Page 3, solidarity, and Everyday Sexism: Read the NEW introduction to Living Dolls

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We’re proud to reissue Natasha Walter’s landmark book, Living Dolls: The Return of Sexism – a highly acclaimed, controversial and much-needed look at our airbrushed, sexualised culture. It certainly is ‘a must-read’ (Viv Groskop, Guardian), ‘an important book’ (Sarah Vine, The Times), ‘a call to revolution’ (Bidisha, New Statesman) – and should be ‘required reading for everyone who cares about our humanity, and that means all of us’ (Kathy Sheridan, Irish Times).


Natasha Walter has written a brand new introduction to the book, bringing its take on sexism and femininity bang up to date. Read a short extract below from the brilliant new intro, which covers everything from No More Page 3 to Taylor Swift, Emma Watson to Let Toys Be Toys.

To see the positive impact that the internet has on feminism now, you can look at two very different campaigns against Page 3. When Clare Short stood up against the Sun’s Page 3 in 1986, telling Parliament that she was introducing a Private Member’s Bill to make it illegal, she faced public opprobrium. She was attacked by male MPs, she was attacked – naturally – by the Sun, and at the time she seemed an isolated figure, making a doomed and lonely stand. A couple of years later a collection of the letters of support she had received was published in a little book called Dear Clare: This is what women really think about Page 3. But by the time of the book’s publication the attempt to pass legislation had failed and the mainstream media had moved on. In contrast, the No More Page 3 campaign was constantly able to republish support on social media and continually gather more signatures on its online petition. Its impact relied on being able to demonstrate such positive and humorous solidarity online.

This rise of solidarity is expressing itself most straight-forwardly in a basic willingness to listen to and respect one another’s experiences. At the end of Living Dolls I discuss how important it is that we connect the dots, that we resist the pressure to see every sexist incident as an isolated one. ‘Even if you feel irritated by the sale of irons labelled “Mummy and Me” in a high street store, or angered by the opening of a lap-dancing club in your town centre, you may feel that it would be a little extreme to complain. You may feel that the joke on a late-night comedy show is degrading to female participants, but then again you might wonder if you are overreacting. Even when you hear about or experience an example of outrageous sexism, from discrimination to violence, you may wonder if it is just one isolated incident.’ I wrote then.

I was delighted when Laura Bates contacted me on Twitter in 2012 to tell me about an initiative that she was starting up to collect instances of ‘isolated incidents’: those examples of sexism that stud through our lives. It seemed such a brilliant idea, to use the internet to transform personal anger into collective understanding. The reality has been more brilliant than one could have imagined; Bates has curated the Everyday Sexism Project ( with a marvellous eye for detail to ensure it is constantly responsive to those who post in it, and has written sharp polemics to show how the instances of sexism that individuals report are connected. The evidence provided by the project has been a wake-up call for the thousands of people who have read and contributed to it.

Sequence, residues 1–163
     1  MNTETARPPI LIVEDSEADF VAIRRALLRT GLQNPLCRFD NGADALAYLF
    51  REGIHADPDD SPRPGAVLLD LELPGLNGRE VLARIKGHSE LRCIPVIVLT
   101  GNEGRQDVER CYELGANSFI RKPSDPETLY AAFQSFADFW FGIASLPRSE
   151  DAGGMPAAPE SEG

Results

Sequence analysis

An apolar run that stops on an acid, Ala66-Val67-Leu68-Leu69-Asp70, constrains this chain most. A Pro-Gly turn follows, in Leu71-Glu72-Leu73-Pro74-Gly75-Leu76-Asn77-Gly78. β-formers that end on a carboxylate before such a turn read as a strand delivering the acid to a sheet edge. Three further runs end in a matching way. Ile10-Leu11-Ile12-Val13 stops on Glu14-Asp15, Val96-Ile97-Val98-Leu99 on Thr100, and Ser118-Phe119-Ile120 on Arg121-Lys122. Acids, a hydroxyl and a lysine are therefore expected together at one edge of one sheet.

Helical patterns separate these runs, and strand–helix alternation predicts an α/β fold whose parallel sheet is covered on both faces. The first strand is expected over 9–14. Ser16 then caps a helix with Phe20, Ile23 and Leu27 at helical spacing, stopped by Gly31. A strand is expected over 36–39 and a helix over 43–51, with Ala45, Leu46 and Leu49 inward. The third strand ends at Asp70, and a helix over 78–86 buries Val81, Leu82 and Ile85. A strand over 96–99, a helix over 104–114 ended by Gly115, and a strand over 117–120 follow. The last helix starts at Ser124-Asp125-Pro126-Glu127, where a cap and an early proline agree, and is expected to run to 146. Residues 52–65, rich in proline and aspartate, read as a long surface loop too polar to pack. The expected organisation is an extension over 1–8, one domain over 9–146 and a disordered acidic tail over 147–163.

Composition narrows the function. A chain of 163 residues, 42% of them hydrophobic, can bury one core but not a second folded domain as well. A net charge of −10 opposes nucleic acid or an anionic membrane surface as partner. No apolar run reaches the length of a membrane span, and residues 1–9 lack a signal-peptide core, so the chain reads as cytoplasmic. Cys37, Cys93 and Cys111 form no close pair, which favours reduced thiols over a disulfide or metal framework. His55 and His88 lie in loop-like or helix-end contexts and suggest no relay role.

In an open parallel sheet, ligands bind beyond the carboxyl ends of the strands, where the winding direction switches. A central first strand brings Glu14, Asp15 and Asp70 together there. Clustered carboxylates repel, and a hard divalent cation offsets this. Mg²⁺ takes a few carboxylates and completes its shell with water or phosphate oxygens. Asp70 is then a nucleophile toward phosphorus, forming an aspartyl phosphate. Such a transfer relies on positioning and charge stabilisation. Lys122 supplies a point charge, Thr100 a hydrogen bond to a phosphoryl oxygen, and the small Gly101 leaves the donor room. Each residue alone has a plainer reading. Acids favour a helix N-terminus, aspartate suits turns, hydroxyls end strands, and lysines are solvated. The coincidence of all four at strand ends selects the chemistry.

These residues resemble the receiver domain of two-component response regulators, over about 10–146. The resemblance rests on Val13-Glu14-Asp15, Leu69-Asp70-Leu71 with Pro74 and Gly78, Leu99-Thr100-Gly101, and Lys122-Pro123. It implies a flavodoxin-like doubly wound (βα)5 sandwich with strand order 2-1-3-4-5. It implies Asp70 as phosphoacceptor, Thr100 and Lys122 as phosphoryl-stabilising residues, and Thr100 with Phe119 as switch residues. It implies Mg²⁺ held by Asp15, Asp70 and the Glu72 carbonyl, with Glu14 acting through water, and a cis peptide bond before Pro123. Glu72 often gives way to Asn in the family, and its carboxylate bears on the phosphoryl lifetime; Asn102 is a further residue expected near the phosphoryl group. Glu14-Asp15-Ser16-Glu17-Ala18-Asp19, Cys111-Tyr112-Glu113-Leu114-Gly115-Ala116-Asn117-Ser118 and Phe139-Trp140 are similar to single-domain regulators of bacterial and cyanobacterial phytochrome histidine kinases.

Solidarity is always the first step to creating change, and the process of creating change is currently at the forefront of what it is to be a feminist. Now, it doesn’t feel enough to talk about these problems or worry about these problems: it’s essential to take action on them. I began to feel this shift when Living Dolls was first published. On publication I thought that readers and critics would ask me, ‘Why do you think this?’ or ‘How do you know that?’ Instead, when I spoke about the book at festivals and conferences, universities and schools, the response was pretty much universal: ‘How do we change this?’

The history of feminism tells us that change is always possible; over and over again women have overcome what may seem like insurmountable obstacles to create progress. Feminists have already won so many rights for women in the West – from the vote to equal education, from contraception to abortion. It can seem like a straightforward path. But if you look at the history of creating change, you realise that the actual process is always a bit of a wager, and the result of any action is almost always uncertain at the time the action is taken. There are many detours and confusions along the way, many disappointing enemies and many surprising allies. My own feeling about getting involved in actions that aim for greater equality is that is never easy to see the wood for the trees, but when you stand and look back, you can be shocked into optimism by seeing how far you have come.

Natasha Walter, March 2015

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